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Brussels, November 2007

Historical overview of nonviolent conflict interventions

Two hundred years of history of nonviolent conflict interventions

A comprehensive history of nonviolent conflict interventions is lacking

A comprehensive history of nonviolent conflict interventions covering more than just projects of peacekeeping has yet to be written. It would probably be a history beginning with the last century, pointing out some earlier activities and events - like mediation undertaken by Quakers between colonialists and Indians in the 17th and 18th century(1) - as their prehistory. There would have to be mention of the conceptualisation of peace by international law as it started in the period of enlightenment with philosophical studies (2) like the probably best known and most influential oeuvre, Immanuel Kant’s “Perpetual Peace”, written in 1795. These thoughts survived more than one hundred years of realpolitics and war as a legitimate means of politics, influencing not only the peace movements of the outgoing 19th century, but also directly or indirectly the founders of the League of Nations and the United Nations with its Charter, the different Covenants on civil and human, and of course its peacekeeping missions.

A major role in such a comprehensive history the rise of pacifism (3) would play, the growth of nonviolent action (4) and nonviolent (social) defence (5), and of peoples’ struggles (6) around the world, many of them fought with nonviolent or mostly nonviolent means - all predominantly developments of the by-gone, 20th century.

The goal to establish a standing peace army

Three elements in common for most of the proposals

The goal to establish a standing peace army may be rightly called, as Moser-Puangsuwan and Weber do, a “recurrent vision”. It seems that between World War I and today there have been at least about one dozen of proposals of that sort that made their way into the literature on nonviolent intervention. Personally, I am convinced that there have been at least twice as many that have been overlooked so far(7). The better-known proposals have - with one or two exceptions each - two things in common: They emphasise the role of peacekeeping and/or even peace enforcement by interpositioning, and they seek to place the new instrument under the auspices of the United Nations or another international organisation. The proposals never found much if any attention with the bodies the proposals were directed to.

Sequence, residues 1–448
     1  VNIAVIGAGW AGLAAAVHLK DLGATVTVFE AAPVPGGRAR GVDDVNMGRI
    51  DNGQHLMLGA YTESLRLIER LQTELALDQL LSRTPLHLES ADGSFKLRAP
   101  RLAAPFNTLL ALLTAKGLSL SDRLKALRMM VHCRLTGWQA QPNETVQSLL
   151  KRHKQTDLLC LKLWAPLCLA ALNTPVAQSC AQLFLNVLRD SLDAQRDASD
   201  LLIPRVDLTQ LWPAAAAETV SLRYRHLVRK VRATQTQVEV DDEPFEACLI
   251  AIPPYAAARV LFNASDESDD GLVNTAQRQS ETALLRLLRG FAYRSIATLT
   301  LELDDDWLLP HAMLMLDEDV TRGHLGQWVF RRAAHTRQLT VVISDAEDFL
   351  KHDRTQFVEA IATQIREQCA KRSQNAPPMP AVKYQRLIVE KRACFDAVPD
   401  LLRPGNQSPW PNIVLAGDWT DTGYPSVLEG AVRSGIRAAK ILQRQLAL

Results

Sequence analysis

As a third element in common, most of the proposals (not all) had a strong connection to projects. In some cases, the proposal to create a peace army came after a project idea to intervene in a specific case. For example, after Maud Roydens concrete proposal to intervene in the Chinese-Japanese conflict, she and her followers developed a general proposal to the League of Nations. In other cases the peace army proposals were developed on a more abstract level, preceding projects that then were often seen at the beginning as pilot or exemplary projects (Christian Peacemakers, German Civil Peace Service). In this latter case, the organisations have tended to soon abandon the larger vision as unpractical or even no longer desirable.

Different contributions to peacebuilding

Not all of these proposals remained at an abstract level. There has been a larger number of spontaneously formed groups and projects in order to protest or stop violence, or to contribute to peacebuilding. There are a few overviews compiled on such projects.(8) But to start with a remark on what is not to be found here: Some nonviolent activities that are found in some of the standard overviews I am leaving out, because in my eyes they do not belong to the realm of nonviolent intervention. So there is neither mention of the Sahara Protest Action(9) when an international group including Africans protested against the first French nuclear weapons testing 1959-1960, nor of the different peace walks (10) and peace ships sent to protest against the nuclear arms race (11), nor of peoples’ struggles and cases of nonviolent resistance/social defence like the Kapp’ Putsch, the Indian liberation struggle, Prague 1968, Philippines 1986 and so on. In all these cases the nonviolent activists did not intervene in a conflict not their own but made themselves one of the conflict parties. Though a lot about the functioning of nonviolent action can be learned from studying these examples, including them here would have broadened at this point the subject beyond recognition.